Phantom Limb syndrome is one of those anomalies in life that when most of us hear stories about it we respond with a simple “Oh really? Well that’s interesting.” It’s one of those common anomalies like reading about humans doing impossible feats like lifting a car off an injured person or jumping six feet straight
Phantom Limb syndrome is one of those anomalies in life that when most of us hear stories about it we respond with a simple “Oh really? Well that’s interesting.”
It’s one of those common anomalies like reading about humans doing impossible feats like lifting a car off an injured person or jumping six feet straight up into the air to avoid danger. These stories fascinate us because we begin to think about the possibilities of the untapped human strength. Dormant super powers that reside deep in us that could potentially make us super heroes. When you read about phantom limbs then you start to think about the powers of psychokinesis.
But what about when it comes to vision? Those who have lost one or two eyes. Do they experience any Phantom Limb Syndrome and if they do, what is it like?
Researchers at the University of Liverpool asked the question and conducted a survey with 239 patients who had underwent treatment for Uveal Melanoma. They all had one eye surgically removed. The stories that some of these patients reported are really unnerving.
The researchers sent surveys to 239 patients who’d been treated for uveal melanoma at the Liverpool Ocular Oncology Centre. All of these patients had had one eye surgically removed. Some of their surgeries were only 4 months in the past; others had taken place almost 4 and a half years earlier. Three-quarters of the patients returned the surveys, sharing details about how they were doing in their new monocular lives.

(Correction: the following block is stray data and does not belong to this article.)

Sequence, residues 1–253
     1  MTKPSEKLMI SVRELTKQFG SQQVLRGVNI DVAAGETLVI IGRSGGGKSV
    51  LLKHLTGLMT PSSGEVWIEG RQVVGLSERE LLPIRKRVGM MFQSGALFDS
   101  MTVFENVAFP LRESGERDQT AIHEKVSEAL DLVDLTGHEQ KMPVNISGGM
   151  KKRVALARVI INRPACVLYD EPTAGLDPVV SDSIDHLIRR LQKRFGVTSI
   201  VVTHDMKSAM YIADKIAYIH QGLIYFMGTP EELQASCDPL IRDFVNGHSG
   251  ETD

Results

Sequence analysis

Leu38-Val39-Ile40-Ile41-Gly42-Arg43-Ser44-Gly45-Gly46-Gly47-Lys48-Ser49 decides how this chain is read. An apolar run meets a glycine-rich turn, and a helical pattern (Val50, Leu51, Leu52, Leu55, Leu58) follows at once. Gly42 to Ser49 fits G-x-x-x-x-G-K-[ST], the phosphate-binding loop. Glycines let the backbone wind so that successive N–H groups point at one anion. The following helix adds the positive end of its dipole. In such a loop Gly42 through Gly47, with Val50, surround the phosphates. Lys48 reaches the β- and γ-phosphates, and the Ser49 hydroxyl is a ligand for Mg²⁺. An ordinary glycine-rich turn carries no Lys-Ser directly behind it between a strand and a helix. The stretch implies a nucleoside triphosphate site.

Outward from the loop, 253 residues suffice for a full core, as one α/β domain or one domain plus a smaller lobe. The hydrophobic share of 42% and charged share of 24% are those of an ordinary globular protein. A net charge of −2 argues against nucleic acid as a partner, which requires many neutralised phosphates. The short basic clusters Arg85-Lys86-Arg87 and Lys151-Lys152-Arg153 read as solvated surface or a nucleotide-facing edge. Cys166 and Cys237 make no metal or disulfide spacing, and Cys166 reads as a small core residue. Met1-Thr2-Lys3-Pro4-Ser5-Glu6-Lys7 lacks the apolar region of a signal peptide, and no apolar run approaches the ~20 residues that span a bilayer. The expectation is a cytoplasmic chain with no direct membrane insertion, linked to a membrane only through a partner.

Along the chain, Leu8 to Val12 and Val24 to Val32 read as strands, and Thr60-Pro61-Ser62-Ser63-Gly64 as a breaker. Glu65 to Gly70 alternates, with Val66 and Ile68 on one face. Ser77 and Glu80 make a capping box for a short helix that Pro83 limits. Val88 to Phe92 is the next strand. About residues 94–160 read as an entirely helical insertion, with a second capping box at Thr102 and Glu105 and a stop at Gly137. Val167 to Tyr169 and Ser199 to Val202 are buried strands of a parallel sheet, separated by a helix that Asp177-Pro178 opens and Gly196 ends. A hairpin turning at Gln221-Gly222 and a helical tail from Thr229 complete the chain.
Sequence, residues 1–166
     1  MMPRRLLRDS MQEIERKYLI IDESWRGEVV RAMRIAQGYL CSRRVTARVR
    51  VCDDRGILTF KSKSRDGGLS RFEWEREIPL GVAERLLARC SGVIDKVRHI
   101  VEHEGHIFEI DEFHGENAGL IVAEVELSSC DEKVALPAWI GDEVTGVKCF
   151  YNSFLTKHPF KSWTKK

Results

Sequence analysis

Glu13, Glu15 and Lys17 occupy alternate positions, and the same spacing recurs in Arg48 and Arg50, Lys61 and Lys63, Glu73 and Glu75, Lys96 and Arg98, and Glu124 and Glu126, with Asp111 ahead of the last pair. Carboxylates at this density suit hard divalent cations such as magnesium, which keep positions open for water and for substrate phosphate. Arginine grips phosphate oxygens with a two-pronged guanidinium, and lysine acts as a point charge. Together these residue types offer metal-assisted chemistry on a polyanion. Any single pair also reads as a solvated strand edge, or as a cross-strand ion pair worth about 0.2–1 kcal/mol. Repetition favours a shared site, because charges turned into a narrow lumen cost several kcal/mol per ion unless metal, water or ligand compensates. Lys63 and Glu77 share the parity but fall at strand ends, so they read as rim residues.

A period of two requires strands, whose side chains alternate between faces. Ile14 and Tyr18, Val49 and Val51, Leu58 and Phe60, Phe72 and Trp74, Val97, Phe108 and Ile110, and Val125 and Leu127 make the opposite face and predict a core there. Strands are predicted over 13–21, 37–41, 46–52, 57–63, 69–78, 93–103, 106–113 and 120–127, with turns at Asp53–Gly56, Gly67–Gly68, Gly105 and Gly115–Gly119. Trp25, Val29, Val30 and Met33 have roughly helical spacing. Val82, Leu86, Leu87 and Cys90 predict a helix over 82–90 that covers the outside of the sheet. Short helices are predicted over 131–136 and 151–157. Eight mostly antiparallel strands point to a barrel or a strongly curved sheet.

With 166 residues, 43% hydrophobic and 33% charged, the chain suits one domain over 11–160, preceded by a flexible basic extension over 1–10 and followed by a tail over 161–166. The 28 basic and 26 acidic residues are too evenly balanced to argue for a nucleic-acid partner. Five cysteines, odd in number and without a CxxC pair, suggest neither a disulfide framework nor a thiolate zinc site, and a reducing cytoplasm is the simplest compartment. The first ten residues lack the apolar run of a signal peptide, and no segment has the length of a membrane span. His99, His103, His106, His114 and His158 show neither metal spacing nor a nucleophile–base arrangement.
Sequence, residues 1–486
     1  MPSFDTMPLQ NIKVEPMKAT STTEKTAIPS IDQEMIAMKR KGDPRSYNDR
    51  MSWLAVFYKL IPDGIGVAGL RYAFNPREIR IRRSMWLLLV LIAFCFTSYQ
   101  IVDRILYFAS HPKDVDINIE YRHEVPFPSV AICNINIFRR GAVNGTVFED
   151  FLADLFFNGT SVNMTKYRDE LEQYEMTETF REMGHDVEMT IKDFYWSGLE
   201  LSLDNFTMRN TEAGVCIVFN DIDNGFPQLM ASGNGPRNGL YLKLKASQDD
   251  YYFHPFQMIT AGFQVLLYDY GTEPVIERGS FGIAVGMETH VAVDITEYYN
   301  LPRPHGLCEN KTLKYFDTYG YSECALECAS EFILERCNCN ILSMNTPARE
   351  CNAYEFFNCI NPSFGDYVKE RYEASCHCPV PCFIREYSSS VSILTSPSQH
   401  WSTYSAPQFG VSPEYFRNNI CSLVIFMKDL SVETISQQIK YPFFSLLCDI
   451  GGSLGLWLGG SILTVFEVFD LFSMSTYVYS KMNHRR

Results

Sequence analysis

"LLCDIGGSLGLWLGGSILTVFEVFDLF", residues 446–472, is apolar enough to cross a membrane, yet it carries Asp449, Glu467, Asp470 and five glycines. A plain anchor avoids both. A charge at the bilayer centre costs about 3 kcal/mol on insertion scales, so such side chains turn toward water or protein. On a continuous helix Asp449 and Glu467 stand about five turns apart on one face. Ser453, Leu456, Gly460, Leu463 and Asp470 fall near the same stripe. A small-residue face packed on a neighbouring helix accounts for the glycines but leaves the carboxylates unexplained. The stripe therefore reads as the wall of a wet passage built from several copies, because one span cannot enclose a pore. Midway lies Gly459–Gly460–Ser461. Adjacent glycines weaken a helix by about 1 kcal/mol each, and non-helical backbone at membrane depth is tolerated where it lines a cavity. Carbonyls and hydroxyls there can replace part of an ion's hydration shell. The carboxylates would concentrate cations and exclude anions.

Sixty percent of respondents said they had symptoms of phantom eye syndrome. These symptoms included pain, visual sensations, or the impression of actually seeing with the missing eye.
Patients with visual symptoms most often saw simple shapes and colors. But some people reported more distinct images, “for example, resembling wallpaper, a kaleidoscope, or fireworks, or even specific scenes and people,” the authors write.
Then there were the ghosts.
Source: Discover Magazine
So what are these shadowy beings that the patients are reporting? Ghosts?
Are these just images that our brain produces in order to make sense of the world and sounds around us? Images that are created from the information of our other senses, like sound and smell.
Like reports of people feeling an itch or twitch in their missing arms or reports of them being able to feel certain objects with missing hands. Can PES allow us to peer through the thin veil that exists in this physical world and offer us a glimpse to the phantoms that are around us? Creepy.